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Old 01-11-2012, 08:53 AM   #58861
kbuckey
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Location: Lookout Mountain - above Golden, CO
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Quote:
Originally Posted by causef0rconcern View Post
Hey all, suspension question real quick...

I'm about to order a front end "solution kit" from the trusty folks at Procycle. I'm not sure whether I should order straight rate springs or progressive. The fellow at the company recommended .6 or .7 straight rates, based on the information given to him: I'm about 170lbs, I ride very aggressively on and off road, and I often have two panniers FULL of crap.

My question is: Will the straight rates be punishing on pavement in the city? I'm usually told progressive is the way to go. I'm just kind of braindead/ignorant when it comes to suspension, so I'm not fully aware of what I'll be sacrificing/gaining by choosing whichever spring.

For reference, the front suspension is stock on a 2009 with 16k miles. I'm tired of bottoming out off-road...thats the biggest problem. I had a umm...minor engine problem due to that early on in the bikes life. Word to the wise - Make sure you use the proper bolts to attach your skidplates. If you put in the wrong ones, and they are a thread too long, and you bottom out over and over again on a dual sport trip 2000 miles from home, the bolt will punch a hole in your case...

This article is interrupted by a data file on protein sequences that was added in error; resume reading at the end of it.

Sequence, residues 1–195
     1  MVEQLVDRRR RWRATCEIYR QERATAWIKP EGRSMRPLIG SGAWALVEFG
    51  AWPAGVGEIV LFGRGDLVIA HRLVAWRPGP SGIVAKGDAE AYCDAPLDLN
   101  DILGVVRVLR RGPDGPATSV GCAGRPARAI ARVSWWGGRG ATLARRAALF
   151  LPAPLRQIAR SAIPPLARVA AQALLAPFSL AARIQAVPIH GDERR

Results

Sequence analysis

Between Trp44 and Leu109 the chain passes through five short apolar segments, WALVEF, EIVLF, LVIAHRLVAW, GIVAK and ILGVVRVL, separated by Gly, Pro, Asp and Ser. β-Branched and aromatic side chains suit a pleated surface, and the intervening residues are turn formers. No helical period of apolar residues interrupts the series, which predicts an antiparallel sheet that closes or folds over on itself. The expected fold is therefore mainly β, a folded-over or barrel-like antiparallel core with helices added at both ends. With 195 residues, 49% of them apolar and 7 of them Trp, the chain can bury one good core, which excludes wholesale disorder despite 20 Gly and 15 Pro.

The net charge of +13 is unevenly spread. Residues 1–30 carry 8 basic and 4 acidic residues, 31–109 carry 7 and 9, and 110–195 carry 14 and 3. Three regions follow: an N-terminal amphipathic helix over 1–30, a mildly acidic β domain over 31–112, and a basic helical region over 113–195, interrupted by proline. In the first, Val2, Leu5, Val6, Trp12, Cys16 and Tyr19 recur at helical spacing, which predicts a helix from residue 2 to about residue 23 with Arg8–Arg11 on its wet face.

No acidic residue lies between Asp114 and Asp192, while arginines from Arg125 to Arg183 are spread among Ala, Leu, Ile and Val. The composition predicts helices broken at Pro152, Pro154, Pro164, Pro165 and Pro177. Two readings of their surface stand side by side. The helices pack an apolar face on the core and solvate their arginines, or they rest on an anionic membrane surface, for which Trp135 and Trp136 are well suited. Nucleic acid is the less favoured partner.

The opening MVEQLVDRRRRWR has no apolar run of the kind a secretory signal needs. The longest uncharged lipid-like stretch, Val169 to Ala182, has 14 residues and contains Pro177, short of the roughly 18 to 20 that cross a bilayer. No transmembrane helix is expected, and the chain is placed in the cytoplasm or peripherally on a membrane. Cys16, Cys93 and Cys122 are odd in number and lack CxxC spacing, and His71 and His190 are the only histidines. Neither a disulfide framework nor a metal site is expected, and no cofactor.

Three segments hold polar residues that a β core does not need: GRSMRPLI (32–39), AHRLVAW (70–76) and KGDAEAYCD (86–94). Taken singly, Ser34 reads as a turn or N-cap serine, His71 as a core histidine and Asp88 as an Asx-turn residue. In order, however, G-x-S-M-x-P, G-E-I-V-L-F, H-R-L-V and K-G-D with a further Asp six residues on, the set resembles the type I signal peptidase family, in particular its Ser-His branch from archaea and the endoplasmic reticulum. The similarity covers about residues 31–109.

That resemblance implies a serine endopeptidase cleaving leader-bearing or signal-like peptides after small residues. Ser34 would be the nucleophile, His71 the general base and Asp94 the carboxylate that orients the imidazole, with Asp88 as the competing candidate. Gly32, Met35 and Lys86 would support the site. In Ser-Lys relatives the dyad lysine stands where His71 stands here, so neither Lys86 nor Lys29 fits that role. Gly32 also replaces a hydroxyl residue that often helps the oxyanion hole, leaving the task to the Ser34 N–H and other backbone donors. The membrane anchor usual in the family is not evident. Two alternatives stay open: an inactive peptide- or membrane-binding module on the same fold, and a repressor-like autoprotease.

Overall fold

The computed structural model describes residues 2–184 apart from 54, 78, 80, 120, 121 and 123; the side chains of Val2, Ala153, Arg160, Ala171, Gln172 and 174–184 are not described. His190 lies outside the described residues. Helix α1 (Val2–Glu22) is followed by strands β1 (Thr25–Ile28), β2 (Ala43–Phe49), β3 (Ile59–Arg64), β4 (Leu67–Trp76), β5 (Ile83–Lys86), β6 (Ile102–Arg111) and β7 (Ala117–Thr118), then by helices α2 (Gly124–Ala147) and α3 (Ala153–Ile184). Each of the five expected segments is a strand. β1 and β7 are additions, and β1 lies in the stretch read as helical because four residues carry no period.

Quicksteel. Trailside fix. 13,000 miles later, I don't lose a DROP of oil from the patch.
Per a recommendation from ProCycle I went with straight rate springs - I don much more street than dirt and I love the front end feel on the street. Also have Intiminators and a Wilber's rear shock. Note that straight rate springs were NOT recommended with the Intiminators but I found there was still too much initial compliance. Anyway I love my current combination for street riding.